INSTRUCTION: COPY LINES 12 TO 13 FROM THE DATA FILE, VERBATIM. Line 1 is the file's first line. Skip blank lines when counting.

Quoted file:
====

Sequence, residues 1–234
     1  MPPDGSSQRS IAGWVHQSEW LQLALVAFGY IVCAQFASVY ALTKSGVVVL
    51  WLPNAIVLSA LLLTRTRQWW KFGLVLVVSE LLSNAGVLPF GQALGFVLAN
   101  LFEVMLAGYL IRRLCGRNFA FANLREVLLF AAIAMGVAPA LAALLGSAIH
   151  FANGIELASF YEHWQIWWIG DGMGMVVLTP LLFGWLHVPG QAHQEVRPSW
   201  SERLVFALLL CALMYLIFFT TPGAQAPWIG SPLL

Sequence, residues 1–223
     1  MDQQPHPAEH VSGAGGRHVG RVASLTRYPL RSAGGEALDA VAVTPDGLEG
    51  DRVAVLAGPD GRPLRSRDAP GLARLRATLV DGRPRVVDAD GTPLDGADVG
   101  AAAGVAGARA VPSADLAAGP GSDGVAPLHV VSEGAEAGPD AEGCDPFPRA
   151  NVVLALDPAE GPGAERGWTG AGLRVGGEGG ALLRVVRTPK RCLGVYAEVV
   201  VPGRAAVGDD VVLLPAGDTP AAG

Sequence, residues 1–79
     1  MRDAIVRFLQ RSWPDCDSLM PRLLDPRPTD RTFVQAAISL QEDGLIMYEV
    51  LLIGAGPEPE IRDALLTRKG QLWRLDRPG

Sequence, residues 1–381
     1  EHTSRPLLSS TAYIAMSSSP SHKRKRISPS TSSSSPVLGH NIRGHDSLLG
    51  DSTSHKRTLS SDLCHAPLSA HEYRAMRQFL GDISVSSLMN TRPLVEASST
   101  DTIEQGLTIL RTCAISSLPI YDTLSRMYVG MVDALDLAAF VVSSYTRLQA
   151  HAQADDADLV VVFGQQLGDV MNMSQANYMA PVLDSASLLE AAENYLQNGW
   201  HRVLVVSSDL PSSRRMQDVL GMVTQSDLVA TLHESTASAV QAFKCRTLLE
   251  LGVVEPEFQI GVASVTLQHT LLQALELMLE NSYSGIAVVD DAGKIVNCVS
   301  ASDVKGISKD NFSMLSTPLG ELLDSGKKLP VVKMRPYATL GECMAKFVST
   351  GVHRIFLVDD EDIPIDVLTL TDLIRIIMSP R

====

   201  VPGRAAVGDD VVLLPAGDTP AAG

Sequence, residues 1–79